“But what I do want is for you to get away from him. Just wait for him to be distracted and run as fast as you can.” I could almost sense him gritting his teeth. “We will find him, Jess. And you know that I’m not going to sleep until you’re safe.” Muffled voices spoke in the background behind my father’s steady breathing. “Please come back. I can’t lose you, too.”
The call ended, and I powered down my phone. I stared at the blank screen as my father’s words bled into me.
I can’t lose you, too.
I’d never considered the possibility of anything bad actually happening to me. I was safe with David, wasn’t I?
David popped the last of the banana into his mouth and tossed the rest into the trash beside a loading dock. What would happen if the Army cornered us? Would there be shooting? Would David protect me, or use me as a shield?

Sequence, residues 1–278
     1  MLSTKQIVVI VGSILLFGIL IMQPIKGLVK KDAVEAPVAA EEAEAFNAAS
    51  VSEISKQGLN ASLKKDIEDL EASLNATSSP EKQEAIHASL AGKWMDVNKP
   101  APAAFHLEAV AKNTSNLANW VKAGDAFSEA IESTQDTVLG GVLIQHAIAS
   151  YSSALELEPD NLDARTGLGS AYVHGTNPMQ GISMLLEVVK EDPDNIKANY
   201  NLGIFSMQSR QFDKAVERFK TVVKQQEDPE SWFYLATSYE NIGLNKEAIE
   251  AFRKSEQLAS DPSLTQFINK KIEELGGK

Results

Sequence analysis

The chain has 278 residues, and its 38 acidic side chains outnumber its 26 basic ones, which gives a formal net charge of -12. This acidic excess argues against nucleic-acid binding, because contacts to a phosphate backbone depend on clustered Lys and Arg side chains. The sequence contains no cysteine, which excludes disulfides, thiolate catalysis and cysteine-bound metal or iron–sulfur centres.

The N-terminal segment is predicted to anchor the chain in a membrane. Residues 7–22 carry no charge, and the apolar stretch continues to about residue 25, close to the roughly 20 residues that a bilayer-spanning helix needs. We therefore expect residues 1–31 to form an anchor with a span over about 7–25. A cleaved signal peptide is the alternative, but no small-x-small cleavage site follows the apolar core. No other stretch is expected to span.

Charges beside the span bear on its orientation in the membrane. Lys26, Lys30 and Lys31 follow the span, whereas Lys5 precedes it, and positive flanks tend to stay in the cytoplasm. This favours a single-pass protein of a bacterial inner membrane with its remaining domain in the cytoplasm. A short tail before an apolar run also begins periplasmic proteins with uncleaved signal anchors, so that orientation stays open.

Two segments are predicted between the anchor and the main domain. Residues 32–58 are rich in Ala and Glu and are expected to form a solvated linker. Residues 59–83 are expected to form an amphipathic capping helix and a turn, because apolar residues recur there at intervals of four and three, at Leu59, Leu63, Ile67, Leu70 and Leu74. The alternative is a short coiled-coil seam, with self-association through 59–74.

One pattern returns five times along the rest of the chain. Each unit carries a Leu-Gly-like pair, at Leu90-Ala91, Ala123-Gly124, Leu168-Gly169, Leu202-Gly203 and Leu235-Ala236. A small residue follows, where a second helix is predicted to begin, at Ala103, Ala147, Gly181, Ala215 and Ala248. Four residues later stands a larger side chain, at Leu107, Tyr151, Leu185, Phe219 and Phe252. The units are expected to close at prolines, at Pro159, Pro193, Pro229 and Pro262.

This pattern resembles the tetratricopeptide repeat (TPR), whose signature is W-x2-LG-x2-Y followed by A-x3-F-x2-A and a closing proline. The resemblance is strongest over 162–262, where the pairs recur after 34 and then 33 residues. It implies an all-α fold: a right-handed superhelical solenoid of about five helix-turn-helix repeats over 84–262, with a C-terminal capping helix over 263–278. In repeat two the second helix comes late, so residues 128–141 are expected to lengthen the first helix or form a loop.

David slipped his hands into his pockets as he strolled back to me, his smile easing any uncertainty.
My conscience fought to call Dad— to let him know everything would be all right, but I knew he’d just try to convince me to come home. I slipped the phone into my pocket.
“Are you all right?” David asked.
I nodded, biting my lip as Dad’s voice haunted me. You know that I’m not going to sleep until you’re safe.
I closed my eyes and took a deep breath. Sorry, Dad.
“We need to find a place to hide for the night.”
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This is way too long for what you want. I’ll play with it tonight and give it back to you, chopped to pieces. 🙂
I think the phone message is essential but you have to consider that the father is military. In an emergency situation an he goes into combat mode. He probably wrote out the message and used every word to make a point. He knows he needs to talk to her as an adult. This scenario is serious. Let the reader know that in the intonation in his voice.
She understands when her dad sounds this way with his kids things are very serious – for both of them…
It sounds like a good story / good luck with the query
I liked it however I had a problem with “Please come back.” I think he’d have said this sooner. I would have.